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The upside down kick

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The upside down kick

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On Sunday, Italy lost 6-4 in the final of the World Beach Soccer Championship against Brazil, which won the sixth title in its history since the competition was organized by FIFA, the organization that governs world football, that is, since 2005. It is the third time that the Italian national team, coached since 2018 by former beach soccer player Emiliano Del Duca, has reached the final of the World Cup: it is still a very positive result, which follows on from the European Championship won last September at home in Alghero, Sardinia.

Two of the six goals scored by Brazil in the final were scored with an overhead kick, a technical gesture which in grass football is rare and extemporaneous, considered an absolute exceptionality, while in beach soccer, on the sand, it is usually part of the game: at a point which is protected and encouraged by the regulation. The overhead kick is a volley done with your back to the goal, first lifting one foot off the ground and then hitting the ball with the other (this is why in English it is called overhead kick or bicycle kick, because the player’s legs imitate the movement of pedaling a bicycle in the air). At the moment of impact with the ball in an overhead kick, a player’s body is usually completely detached from the ground: a fact which highlights its difficulty and which contributes to making the gesture spectacular for those watching. For the shot to be effective you need a mix of great coordination, football technique and athleticism.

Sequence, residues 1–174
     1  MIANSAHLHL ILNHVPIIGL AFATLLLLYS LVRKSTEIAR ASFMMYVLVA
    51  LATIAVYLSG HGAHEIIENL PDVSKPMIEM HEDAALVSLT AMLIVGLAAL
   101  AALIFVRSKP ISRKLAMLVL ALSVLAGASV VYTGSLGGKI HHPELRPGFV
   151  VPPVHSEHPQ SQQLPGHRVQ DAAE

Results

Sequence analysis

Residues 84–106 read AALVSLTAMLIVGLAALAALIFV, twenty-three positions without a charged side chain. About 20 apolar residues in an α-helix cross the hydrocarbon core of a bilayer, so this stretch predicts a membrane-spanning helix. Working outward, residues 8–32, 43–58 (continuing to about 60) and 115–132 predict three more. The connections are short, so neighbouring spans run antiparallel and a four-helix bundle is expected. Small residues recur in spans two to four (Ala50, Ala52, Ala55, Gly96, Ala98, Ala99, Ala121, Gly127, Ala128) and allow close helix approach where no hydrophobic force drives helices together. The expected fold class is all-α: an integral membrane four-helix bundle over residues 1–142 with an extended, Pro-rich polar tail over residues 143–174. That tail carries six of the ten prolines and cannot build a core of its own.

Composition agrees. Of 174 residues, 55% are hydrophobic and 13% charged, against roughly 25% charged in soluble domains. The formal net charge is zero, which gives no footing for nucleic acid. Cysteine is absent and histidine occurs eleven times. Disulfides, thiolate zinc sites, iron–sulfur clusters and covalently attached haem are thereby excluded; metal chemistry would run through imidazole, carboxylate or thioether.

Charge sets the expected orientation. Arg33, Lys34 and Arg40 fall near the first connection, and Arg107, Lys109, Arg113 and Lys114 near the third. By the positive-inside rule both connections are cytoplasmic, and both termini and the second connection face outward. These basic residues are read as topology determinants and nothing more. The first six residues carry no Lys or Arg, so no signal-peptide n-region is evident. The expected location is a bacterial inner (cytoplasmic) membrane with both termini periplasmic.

In beach soccer, where the ball bounces in an unpredictable way due to the bumps formed by the sand, it is often played on the fly, that is, without letting the ball bounce, and the overhead kick is used both to shoot towards the opponent’s goal and, sometimes, to defense, to throw the ball away. It is such a common action that it is included in the basic statistics that are shown at the end of the match, together with the most usual ones also in grass football, such as the number of shots and ball possession. In the final between Italy and Brazil there were a total of 18 overhead kicks, 8 by Brazil and 10 by Italy, who did not score in this way but created the first goal from an overhead kick.

An overhead kick from Brazilian Datinha is headed by Italian Tommaso Fazzini (AP Photo/Christopher Pike)

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In all, in the recently concluded Beach Soccer World Cup, played in the United Arab Emirates, there were 38 overhead kick goals out of the 225 total goals scored in 32 matches: approximately one goal in six. The ability to perform tricks by landing on a softer surface is probably the thing that most of all makes beach soccer a spectacular sport to watch and fun to play (anyone who plays soccer on the beach, at any level, routinely tries volleys and overhead kicks that he wouldn’t dare on other terrains).